When Robert Poitras first closed Carolina Brewery’s doors at 460 W. Franklin St. to in-person diners in March, he expected it to last a couple of weeks.
“Then the goal post kept moving,” Poitras said. “Now, there’s no end in sight.”
Like many businesses on Franklin Street, Carolina Brewery is still reeling from the ongoing effects of the coronavirus pandemic. After two months of takeout-only service, the restaurant opened to in-person diners again in late May. But business isn't the same, Poitras said, and it doesn’t generate the same sales.
“You just don’t know what every day is going to bring, from a sales standpoint,” he said.
With steep rents, high property taxes and stiff competition among shops and restaurants, running a successful business on Franklin Street was difficult enough before the COVID-19 outbreak. Now, local owners are working to survive an economic shock unlike anything they’ve seen.
Even for well-established businesses, the effects were cataclysmic, said Jamil Kadoura, the owner of Mediterranean Deli, Bakery and Catering, located at 410 W. Franklin St.
“I’m friends with many restaurants, and everybody can tell you the same — this year has just gotten away from us.” Kadoura said. “You just have to accept it and try to survive until this whole thing can go by.”
Kadoura’s catering operation, which typically accounts for about half of his total business, was decimated by the pandemic. The nine white vans he once used to cart food around the Triangle now sit idle in the parking lot.
He never fully closed his doors, choosing to take out federal and private loans rather than conserve his losses and lay off the 96 employees he had on staff before the outbreak.
But even for a business that’s been around for decades, times are tough.
“For the first time in 31 years, I see loss on my profit and loss statement,” Kadoura said.
Like many shops and eateries on Franklin Street, Kadoura gets a lot of his business from the University, either directly through catering orders or indirectly through the students, visitors and sports fans that UNC brings to Chapel Hill.
“We’re hoping with the school open, that the town will have a little more foot traffic in it,” he said. “We hope that we’ll go back to at least break even.”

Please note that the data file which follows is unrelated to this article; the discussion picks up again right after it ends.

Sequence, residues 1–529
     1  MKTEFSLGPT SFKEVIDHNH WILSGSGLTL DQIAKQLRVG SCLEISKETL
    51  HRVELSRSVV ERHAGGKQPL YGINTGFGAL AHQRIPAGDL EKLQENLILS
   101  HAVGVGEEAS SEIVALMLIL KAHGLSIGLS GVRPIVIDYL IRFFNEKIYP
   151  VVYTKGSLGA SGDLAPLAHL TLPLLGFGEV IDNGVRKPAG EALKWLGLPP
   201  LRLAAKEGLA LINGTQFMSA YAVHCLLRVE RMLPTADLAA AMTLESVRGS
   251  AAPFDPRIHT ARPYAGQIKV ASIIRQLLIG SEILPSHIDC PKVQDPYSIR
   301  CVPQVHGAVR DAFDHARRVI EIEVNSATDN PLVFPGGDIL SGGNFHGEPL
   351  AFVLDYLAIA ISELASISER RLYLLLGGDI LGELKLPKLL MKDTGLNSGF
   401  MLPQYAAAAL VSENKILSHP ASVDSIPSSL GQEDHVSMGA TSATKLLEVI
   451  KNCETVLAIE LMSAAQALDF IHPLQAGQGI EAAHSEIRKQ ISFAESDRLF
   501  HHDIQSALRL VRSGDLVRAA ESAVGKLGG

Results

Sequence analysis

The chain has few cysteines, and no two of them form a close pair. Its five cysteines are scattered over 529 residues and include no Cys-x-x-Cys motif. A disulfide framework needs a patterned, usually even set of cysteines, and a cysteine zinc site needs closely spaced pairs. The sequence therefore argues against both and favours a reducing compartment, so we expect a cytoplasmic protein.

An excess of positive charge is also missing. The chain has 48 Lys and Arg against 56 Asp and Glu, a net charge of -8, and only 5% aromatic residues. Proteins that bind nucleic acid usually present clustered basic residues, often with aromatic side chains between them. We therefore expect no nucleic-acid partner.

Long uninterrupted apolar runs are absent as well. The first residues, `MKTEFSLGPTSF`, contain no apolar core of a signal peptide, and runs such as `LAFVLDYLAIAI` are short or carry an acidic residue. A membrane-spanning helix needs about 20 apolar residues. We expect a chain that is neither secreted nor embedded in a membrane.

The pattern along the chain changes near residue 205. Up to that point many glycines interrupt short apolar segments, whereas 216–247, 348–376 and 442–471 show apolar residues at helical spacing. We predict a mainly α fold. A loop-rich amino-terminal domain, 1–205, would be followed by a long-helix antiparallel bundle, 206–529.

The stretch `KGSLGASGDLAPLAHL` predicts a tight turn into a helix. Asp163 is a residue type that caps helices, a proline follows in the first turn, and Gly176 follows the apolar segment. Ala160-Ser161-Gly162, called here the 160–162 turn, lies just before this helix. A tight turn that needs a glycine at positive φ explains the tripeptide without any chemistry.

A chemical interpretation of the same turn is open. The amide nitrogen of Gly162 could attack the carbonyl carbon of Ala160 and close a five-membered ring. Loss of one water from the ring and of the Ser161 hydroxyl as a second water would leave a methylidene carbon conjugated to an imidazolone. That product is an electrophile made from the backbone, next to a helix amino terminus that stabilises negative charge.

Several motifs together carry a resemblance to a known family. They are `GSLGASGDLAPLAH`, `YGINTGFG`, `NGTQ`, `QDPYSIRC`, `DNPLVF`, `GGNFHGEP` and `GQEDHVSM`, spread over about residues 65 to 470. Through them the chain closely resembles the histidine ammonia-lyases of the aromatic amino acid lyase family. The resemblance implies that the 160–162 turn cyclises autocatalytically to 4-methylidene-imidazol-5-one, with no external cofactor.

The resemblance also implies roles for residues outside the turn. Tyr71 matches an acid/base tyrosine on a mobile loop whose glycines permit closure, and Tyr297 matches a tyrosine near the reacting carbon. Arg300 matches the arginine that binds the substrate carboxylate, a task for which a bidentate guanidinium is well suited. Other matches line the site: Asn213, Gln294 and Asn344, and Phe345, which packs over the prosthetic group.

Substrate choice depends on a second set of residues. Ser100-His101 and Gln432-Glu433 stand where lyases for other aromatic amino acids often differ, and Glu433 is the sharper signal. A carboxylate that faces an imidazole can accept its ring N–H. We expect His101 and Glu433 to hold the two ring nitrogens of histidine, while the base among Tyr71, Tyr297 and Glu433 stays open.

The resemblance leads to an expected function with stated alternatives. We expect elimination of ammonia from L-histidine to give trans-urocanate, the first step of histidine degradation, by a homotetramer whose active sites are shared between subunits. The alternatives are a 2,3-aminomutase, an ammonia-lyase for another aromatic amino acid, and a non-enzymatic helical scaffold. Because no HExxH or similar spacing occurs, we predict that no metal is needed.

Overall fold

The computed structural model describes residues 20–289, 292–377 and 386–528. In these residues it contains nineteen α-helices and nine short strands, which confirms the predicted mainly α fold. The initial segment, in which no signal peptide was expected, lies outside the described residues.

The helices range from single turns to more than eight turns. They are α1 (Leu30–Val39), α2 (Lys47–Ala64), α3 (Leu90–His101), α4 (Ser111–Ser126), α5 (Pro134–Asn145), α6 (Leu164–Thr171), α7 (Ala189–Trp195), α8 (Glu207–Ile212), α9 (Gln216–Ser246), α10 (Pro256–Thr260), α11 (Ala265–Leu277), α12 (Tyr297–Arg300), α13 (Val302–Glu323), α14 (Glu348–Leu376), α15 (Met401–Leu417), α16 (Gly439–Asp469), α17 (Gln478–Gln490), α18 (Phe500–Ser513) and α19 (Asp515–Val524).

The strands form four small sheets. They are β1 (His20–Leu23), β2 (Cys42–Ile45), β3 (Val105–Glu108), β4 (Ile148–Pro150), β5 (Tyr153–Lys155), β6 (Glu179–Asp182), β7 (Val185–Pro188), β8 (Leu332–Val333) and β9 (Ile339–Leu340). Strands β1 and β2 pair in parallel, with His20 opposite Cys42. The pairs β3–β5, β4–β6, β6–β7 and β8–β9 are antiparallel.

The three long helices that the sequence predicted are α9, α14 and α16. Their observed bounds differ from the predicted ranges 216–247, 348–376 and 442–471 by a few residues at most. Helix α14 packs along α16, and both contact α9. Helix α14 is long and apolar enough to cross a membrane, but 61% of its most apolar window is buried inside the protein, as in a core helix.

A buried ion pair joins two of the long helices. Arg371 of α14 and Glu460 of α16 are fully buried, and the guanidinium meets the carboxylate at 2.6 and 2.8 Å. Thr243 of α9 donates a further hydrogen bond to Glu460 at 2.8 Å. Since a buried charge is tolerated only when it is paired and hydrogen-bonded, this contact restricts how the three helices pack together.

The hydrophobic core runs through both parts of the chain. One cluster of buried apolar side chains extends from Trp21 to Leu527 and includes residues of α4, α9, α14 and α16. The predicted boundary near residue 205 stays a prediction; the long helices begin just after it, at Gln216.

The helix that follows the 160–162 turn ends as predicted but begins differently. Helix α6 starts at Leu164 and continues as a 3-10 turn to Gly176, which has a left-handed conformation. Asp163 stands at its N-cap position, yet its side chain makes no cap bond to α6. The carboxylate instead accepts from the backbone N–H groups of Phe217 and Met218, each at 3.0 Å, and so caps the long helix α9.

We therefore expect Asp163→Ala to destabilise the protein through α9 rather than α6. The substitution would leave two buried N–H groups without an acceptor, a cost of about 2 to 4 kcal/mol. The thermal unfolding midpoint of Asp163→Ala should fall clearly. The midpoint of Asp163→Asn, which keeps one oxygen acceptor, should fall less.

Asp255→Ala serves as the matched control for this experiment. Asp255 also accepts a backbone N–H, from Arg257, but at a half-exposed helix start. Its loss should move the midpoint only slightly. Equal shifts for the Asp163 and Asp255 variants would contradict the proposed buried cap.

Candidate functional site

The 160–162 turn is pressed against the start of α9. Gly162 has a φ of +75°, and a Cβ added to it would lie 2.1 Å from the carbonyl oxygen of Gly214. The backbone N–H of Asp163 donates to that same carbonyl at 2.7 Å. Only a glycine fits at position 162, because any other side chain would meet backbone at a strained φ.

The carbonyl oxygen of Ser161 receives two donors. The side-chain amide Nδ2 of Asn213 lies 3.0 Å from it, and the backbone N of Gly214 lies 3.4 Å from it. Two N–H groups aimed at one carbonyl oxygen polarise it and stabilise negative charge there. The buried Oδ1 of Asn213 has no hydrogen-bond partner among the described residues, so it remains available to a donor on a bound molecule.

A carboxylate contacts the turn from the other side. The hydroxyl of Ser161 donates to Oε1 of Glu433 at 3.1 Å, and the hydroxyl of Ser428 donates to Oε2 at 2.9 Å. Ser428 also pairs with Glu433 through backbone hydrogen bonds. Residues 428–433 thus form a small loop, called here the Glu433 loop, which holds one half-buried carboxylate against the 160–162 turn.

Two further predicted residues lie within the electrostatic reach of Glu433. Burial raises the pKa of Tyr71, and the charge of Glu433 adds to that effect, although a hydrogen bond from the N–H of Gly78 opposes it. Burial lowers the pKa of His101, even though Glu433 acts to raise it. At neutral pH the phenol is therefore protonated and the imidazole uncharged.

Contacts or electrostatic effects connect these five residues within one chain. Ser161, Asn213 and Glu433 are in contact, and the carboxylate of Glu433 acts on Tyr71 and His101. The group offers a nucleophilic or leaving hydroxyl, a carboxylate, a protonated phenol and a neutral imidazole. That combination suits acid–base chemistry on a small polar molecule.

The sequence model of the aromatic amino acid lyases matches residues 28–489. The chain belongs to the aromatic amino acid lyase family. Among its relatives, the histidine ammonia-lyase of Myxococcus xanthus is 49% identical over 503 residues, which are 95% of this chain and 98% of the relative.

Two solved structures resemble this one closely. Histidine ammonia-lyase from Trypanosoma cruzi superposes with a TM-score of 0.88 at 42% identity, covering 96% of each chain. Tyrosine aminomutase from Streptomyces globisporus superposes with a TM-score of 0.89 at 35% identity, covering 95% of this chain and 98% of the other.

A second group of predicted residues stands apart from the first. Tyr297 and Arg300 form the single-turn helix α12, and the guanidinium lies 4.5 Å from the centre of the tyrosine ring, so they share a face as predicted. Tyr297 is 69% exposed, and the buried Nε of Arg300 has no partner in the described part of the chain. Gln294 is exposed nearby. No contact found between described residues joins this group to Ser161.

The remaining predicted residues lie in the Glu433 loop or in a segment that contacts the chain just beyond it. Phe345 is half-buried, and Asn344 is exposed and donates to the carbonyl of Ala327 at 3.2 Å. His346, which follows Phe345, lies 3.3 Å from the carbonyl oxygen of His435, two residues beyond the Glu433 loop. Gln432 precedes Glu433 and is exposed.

Unlike Med Deli, Epilogue Books Chocolate Brews was only open for a few months before COVID-19 forced the business to close its physical storefront at 109 E. Franklin St.
Co-owner Jaime Sanchez worked quickly to prop up Epilogue’s online store and generate new products like pastry and “surprise” boxes full of books and other gifts.
“People already knew us and knew what our selection was about … so we quickly got traction there,” Sanchez said.
Sanchez said Epilogue has been able to ride out the effects of the pandemic thanks to support from Chapel Hill community members.
“It’s a combination of community support for wanting a bookstore on Franklin Street, it's amazing landlords and business partners that are invested in us in one way or another and completely willing to help — coming down to working with great individuals that are willing to work with you,” Sanchez said.
Not all businesses were so lucky. LOTSA Stone Fired Pizza, formerly located at the corner of Franklin and Columbia streets, announced it would be closing its Chapel Hill location in April, citing insufficient revenue. Peño Mediterranean Grill, which opened last July, has boarded up its windows and doors. Other restaurants, including Waffle House, Ms. Mong’s and Ye Olde Waffle Shoppe, have yet to reopen.
Marilyn Payne, the marketing and communications manager at the Chapel Hill Downtown Partnership said Lula's, also located at the intersection of Franklin and Columbia streets, will not reopen. Top of the Hill — the restaurant — will reopen Thursday for takeout and delivery and is expected to open to in-person diners Aug. 5.
University closures — including the cancellations of sports seasons, summer programs and graduation weekend — have had a significant impact on downtown Chapel Hill, Payne said.
“The importance (of the University) cannot be overstated,” she said.
In early August, the Chapel Hill Downtown Partnership will be implementing a plan to accommodate social distancing on Franklin Street. The plan will close one lane of traffic on either side of the street for pedestrians and transform sidewalks into increased outdoor dining and sales space.
The lane closure, which won't cause the street to lose parking spaces, is expected to begin the week of July 27.
Still, crowds of new customers who don’t follow safety guidelines would cause more problems than it would solve, Payne said.
“We need people desperately to be safe,” she said. “The businesses need you to wear a mask. The businesses need you to be mindful of how many people you're interacting with, and at what close proximity. And the businesses need your business. But your business, if it's bringing carelessness into the downtown, is as much a part of the problem as the solution.”
Even with campus reopening, all the business owners who spoke to The Daily Tar Heel said they expect this new way of doing things to last for several months, with the effects lingering long after.
Payne said a complete economic recovery could take a year or longer.
“I think the unfortunate truth about our downtown is that full recovery is not the goal,” Payne said. “Full recovery and then some is the goal.”
Even if Chapel Hill returns to normal, Kadoura said, it’s likely some things at Med Deli will change for good.
“I believe my sanitizer bottle is going to stay on my tables even after they find a vaccine … salt, pepper and sanitizer,” he said. “It’s going to stay forever.”
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